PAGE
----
Oh goody! We’re going to play a game of What If. I have not been amused or entertained by one of those for years.
Let’s say you were in a naval battle in the middle of the ocean and your ship was destroyed so you are in very cold water. You know that you need to act now to get on a ship or you will die. Now there are 4 ships that you can swim to. But it looks like all the ships are very badly damaged and unlikely to be seaworthy enough to save you. It’s hard to tell from your position but as best you can tell one ship has a 5% chance but the others have less than a 2% chance of being seaworthy enough to save you.
What do you do? Do you think well no one has “proven” or “verified” that any of these ships will save me so I might as well die in the water? Or do you start swimming to the ship that gives you a five percent chance (the best shot)? I think that is the obvious choice. You are not in a position to demand “proofs” or “verification.” You just have to make do with the information you have.
I think this is analogous to the situation we are in when it comes to how we should live. We can’t pause our life until someone can prove how we are supposed to live. We choose to act or not act all the time. And we can’t insist on verification or proof beyond what we have. We just have to take our best shot.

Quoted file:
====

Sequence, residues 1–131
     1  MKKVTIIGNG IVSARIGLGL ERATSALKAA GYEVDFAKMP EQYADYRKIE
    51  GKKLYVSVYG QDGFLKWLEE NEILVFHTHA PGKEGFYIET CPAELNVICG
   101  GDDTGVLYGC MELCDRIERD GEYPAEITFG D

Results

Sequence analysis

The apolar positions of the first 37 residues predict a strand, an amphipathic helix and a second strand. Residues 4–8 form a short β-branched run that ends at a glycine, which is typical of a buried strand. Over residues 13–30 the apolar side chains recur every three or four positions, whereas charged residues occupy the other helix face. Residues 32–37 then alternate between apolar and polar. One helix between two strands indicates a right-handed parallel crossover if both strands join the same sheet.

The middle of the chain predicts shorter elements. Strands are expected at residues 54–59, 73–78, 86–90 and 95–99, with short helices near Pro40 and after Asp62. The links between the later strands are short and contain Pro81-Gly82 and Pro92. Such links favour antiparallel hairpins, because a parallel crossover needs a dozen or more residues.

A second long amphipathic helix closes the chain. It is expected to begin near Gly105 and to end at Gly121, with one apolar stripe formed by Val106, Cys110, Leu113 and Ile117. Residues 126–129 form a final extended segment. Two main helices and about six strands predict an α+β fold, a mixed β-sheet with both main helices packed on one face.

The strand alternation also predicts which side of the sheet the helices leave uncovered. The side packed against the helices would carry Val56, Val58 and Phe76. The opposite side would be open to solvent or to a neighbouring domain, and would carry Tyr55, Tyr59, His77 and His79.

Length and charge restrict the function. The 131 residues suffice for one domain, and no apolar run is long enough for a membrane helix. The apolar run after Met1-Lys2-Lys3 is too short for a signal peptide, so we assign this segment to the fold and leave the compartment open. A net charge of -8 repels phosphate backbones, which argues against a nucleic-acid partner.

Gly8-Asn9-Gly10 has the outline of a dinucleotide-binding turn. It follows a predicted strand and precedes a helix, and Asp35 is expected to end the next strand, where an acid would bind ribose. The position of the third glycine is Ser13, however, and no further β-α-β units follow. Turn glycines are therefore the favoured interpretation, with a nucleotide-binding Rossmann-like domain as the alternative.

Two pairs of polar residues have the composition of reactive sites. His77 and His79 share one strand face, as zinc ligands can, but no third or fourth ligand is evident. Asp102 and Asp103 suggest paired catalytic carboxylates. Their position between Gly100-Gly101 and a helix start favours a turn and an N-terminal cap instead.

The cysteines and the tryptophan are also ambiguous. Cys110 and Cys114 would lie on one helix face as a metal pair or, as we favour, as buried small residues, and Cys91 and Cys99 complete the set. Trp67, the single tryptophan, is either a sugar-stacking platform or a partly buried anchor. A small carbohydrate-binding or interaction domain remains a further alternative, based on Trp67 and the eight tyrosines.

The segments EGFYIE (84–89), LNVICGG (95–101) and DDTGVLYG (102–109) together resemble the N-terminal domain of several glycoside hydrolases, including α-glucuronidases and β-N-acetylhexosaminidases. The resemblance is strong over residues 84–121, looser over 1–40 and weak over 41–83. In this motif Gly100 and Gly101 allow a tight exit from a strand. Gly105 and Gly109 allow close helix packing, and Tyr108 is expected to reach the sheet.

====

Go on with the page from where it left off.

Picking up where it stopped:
For me I think following Christ’s teachings is the “best shot.” I may wish I had better evidence or proofs but reality does not bend to my wishes. The rational person bends his beliefs and actions to reality.
People often believe that they are thinking, when all they’re really doing is rearranging their prejudices. So, you’re going to dream up a scenario that is so outlandish and restrictive, that it makes your already-decided-on choice look good barely acceptable.
I am disturbed that you would advocate a selection with a 95% chance of failure, but, as you inferred, It’s (barely) better than nothing. Desperation is not considered a good method of choice. It usually results in wrong decisions. Even choice is a bad method. You can attend a Christian church, and repeat all the magic words, but it won’t produce the honest, true-hearted Belief that the unwritten rules call for.
I’d like to ask what mechanism you used to determine what percentage of success your choice, both in real life and in your specious analogy, had. I see none, other than desperation and gullibility – only an unproven claim.
Unlike your fantasy-novel format, in real life it is both possible and advisable to do some research, so that you don’t end up in these religious shipwreck scenarios.
What if that water isn’t as cold and deep as you believe? What if you were just told that, by the guy who runs the life-preserver franchise? What if, no matter which ship you swam to, it sank and drowned you? What if the ship you chose was an enemy vessel, and the agents of Allah tortured you to death? What if you stopped panicking, and used your strength and determination to swim toward the big orange rubber raft that the rescue helicopter just dropped, labelled Reason/Reality? What if you’re not Captain James T. Kirk, and there just is no right answer?
What if you summarily dismiss all of my What Ifs, because you think that they sound almost as silly as your What Ifs??!